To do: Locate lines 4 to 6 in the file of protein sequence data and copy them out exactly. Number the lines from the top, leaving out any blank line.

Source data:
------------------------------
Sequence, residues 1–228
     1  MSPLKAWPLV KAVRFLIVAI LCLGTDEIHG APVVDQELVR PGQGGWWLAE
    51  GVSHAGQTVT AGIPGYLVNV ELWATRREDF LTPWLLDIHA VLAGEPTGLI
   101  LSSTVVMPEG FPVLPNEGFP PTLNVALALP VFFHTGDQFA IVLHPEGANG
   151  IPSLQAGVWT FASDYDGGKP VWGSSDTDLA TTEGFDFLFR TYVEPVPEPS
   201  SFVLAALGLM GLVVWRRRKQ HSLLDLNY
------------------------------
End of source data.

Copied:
   101  LSSTVVMPEG FPVLPNEGFP PTLNVALALP VFFHTGDQFA IVLHPEGANG
   151  IPSLQAGVWT FASDYDGGKP VWGSSDTDLA TTEGFDFLFR TYVEPVPEPS
   201  SFVLAALGLM GLVVWRRRKQ HSLLDLNY